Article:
Fire Safety for Fireplaces, Wood Stoves and Chimneys

More than one-third of Americans use fireplaces, wood stoves, and other fuel-fired appliances as the primary heat source in their homes. And heating fires account for 36 percent of residential home fires in rural areas every year. Often, these fires are due to creosote buildup in chimneys and stove pipes. Proper maintenance and common sense can go a long way towards making sure your fireplace or wood stove provides cozy warmth and not an uncontrollable fire. The Huntley Fire Department strongly urges you to read over this information if you have a fireplace, wood stove or other fuel fire appliance.

Fireplaces

- Use a fireplace screen heavy enough to stop rolling logs and big enough to cover the entire opening of the fireplace to catch flying sparks. Keep the fire in your fireplace and not on your floor! If you have a glass door, use it only in accordance with manufacturer’s recommendations and on approved fireplaces and inserts. Some glass doors need to be left open while the fire is burning. When glass doors are left open, a screen is needed.

- Clear the area around the hearth of debris, decorations and flammable materials like newspapers.

- Make sure the damper is open and check to see that the chimney is drawing the smoke up properly before starting your fire. To check the draw, first open a window a bit for ventilation. Either carefully hold a lighted match up to the flue and make sure the flame is drawn upward or light a small ball of paper in the grate, again making sure that the smoke is drawn up through the chimney. If the chimney doesn’t draw the smoke up and out, have it cleaned and inspected by a certified professional before using it.

- Burn paper only when starting a fire and only in small amounts. Be aware that holiday gift wrap often contains chemicals that give off toxic fumes when burned.

- Never use chemicals or fuels to start a fire.

- Use only dry, seasoned wood or logs in your fireplace. Avoid evergreen branches, which can flare up quickly and throw sparks, or treated wood, which contains harmful chemicals. Soft, moist wood accelerates creosote buildup.

- When building a fire, place logs at the rear of the fireplace on an adequate supporting grate.

- Keep anything that can burn well away from a fireplace.

- Make sure the fire is completely out before leaving the house or going to bed.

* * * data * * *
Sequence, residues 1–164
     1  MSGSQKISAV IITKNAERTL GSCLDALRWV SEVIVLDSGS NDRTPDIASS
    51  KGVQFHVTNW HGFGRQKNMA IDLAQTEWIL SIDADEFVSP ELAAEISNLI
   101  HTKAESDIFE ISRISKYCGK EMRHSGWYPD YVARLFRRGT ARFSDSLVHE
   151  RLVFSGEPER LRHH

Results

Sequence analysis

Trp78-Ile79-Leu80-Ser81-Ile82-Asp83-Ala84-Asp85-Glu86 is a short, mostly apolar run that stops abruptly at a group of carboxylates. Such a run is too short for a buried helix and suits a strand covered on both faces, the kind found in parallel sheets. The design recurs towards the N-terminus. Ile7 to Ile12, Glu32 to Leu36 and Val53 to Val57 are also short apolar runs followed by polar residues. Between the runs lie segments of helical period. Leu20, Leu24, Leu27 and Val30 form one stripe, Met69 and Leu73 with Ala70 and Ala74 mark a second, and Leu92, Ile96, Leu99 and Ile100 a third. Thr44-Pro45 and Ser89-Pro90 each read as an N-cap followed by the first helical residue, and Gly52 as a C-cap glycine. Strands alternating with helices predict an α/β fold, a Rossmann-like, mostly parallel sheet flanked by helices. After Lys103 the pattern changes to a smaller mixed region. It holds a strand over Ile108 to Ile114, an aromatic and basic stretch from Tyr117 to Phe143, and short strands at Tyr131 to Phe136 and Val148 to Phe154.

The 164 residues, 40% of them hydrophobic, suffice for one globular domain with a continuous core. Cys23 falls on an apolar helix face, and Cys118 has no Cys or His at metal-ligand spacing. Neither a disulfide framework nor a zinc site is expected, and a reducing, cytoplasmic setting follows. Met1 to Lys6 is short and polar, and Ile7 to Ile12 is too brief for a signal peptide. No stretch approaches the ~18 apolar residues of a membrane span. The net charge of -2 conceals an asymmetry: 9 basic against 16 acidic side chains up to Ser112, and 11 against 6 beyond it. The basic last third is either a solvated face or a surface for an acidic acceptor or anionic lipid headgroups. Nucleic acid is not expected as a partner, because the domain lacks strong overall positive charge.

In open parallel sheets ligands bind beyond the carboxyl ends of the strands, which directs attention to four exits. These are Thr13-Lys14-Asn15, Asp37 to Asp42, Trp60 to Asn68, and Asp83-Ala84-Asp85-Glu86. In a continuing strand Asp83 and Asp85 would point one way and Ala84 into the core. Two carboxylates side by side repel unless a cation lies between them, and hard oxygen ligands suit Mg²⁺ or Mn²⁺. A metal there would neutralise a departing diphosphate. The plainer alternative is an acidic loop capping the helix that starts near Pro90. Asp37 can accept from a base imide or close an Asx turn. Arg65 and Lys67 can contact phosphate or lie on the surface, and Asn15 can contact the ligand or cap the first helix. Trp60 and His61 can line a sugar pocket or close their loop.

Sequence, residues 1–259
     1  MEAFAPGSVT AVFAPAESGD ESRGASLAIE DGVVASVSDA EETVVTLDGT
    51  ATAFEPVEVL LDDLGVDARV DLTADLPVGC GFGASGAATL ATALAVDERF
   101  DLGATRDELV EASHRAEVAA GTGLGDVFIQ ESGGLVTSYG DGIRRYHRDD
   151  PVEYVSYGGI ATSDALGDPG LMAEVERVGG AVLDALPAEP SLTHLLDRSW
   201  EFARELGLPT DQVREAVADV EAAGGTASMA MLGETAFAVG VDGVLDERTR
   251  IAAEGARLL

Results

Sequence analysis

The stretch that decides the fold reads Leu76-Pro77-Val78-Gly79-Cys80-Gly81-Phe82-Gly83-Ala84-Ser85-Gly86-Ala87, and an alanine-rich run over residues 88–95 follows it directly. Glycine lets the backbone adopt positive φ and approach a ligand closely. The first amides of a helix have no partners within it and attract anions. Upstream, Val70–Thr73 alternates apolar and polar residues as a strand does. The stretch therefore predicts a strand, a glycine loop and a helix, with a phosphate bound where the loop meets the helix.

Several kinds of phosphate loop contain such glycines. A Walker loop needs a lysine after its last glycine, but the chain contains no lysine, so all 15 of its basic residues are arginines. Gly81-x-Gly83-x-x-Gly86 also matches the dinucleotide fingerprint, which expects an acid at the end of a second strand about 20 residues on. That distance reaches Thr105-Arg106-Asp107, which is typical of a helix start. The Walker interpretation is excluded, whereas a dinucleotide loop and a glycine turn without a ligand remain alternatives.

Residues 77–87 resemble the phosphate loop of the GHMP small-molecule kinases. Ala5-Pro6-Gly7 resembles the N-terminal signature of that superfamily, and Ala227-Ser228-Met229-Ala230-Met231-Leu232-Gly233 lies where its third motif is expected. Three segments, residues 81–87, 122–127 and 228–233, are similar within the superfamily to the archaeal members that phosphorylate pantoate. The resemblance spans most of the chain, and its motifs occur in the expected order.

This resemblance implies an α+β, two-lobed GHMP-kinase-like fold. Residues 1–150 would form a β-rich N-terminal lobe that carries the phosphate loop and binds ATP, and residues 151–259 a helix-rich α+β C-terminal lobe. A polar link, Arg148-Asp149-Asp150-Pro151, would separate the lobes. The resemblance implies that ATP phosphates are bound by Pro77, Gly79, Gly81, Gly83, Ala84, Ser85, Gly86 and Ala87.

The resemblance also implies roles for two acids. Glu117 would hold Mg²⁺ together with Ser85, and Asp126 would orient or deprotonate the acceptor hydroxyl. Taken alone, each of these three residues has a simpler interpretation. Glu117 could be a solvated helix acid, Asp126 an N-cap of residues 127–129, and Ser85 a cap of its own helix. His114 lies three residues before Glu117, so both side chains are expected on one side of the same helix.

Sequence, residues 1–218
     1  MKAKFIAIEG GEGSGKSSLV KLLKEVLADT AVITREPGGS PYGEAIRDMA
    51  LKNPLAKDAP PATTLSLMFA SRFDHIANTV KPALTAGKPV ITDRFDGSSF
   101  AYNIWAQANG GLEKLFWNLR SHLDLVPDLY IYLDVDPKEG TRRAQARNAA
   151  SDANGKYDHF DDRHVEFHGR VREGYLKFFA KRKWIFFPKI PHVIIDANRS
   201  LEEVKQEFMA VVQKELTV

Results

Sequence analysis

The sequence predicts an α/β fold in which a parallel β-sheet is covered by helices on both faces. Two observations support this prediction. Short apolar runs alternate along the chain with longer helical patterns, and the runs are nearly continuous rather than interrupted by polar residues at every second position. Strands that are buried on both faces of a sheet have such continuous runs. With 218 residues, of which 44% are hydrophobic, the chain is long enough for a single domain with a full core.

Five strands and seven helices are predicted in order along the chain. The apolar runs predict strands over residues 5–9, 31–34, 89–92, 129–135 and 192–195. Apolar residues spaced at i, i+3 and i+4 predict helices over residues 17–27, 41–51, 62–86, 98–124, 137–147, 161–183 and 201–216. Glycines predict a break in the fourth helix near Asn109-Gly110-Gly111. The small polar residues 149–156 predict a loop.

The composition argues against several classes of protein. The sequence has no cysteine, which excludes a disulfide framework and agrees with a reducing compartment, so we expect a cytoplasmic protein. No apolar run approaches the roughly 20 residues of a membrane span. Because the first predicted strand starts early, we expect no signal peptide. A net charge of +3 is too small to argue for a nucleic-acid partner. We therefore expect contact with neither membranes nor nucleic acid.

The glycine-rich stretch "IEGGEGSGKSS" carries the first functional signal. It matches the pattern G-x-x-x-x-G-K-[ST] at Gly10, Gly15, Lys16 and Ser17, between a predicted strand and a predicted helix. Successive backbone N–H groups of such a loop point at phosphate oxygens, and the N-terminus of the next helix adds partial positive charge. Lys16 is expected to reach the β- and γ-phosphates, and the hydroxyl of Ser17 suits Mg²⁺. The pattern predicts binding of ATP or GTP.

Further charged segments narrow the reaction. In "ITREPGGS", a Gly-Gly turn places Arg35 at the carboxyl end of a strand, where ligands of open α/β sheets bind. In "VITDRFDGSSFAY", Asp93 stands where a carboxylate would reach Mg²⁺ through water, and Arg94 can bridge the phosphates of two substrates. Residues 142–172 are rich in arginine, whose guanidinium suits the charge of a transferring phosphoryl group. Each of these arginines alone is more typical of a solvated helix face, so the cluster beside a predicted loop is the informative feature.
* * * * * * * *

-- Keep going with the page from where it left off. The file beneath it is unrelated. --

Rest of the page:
- Cool hot ashes in water and place them in a tightly sealed metal container outside your house.

- Stack firewood outside at least 30 feet from your home.

Wood Stoves

- Wood stoves cause over 9,000 residential fires every year.

- When buying a wood stove, look for solid construction such as plate steel or cast iron metal. Check for cracks and inspect legs, hinges, and door seals for smooth joints and seams.

- When installing your stove, carefully follow the manufacturer’s instructions.

- Your stove should sit on a code-specified or listed floor protector. The protector should extend 18 inches beyond the stove on all sides to reduce the possibility of the floor catching on fire. Use fire-resistant wall coverings like metal or brick if the stove sits near a wall.

- Follow the manufacturer’s maintenance instructions. Check your pipes and chimneys monthly for damage or obstructions and clean them annually.

- Use only seasoned wood for fuel, not green wood, artificial logs, or trash. Trash could cause the stove to overheat.

- Never use gasoline or other chemicals to start a fire. Gasoline will ignite and explode.

- Use coal (or other fuels like pellets) in the stove only if the manufacturer has approved its use. Don’t take the word of the salesman - ask to see the manufacturer’s literature.

- Be sure to keep anything that can burn at least three feet from your wood stove.

- Never leave a fire unattended. Extinguish the fire before going to bed or leaving the house.

 

Chimneys

- Creosote is a highly flammable, black, tar-like substance that forms in burning wood, sticks to chimney walls, and builds up over time. Creosote buildup can ignite into a fire that could spread to your roof. A chimney cleaning gets rid of the creosote, so have your chimney cleaned at least once a year by a certified specialist. Have it cleaned more often if you use your fireplace or wood stove a lot.

- Along with a cleaning, have your chimney inspected annually by a certified specialist. Obstructions and cracks can cause chimney and roof fires. In addition, cracks in your chimney lining could allow a fire to escape into the wood frame of your house. If you’ve had a fire in your chimney, it will probably have cracks that need to be repaired.

- Place mesh screen spark arresters at the top of your chimney.

- Keep the roof clear of leaves, pine needles and other combustible debris.

- All chimneys and vent pipes should extend at least three feet above the roof.

- Remove branches hanging above and around the chimney, flues or vents.

And remember...

- Provide proper venting for all heating equipment.

- Small children should be kept away from any heating source, especially open fires.

- Older children and teens should be told how to properly use (or not use) any fireplaces or wood stoves in your home.

- Install smoke alarms on every level of your home.

- Test your smoke detectors as recommended by the manufacturer. At a minimum, test them at least once a month. Change the batteries as recommended by the manufacturer. At a minimum, change them at least once a year.

- Plan and conduct Fire Escape Drills with your family.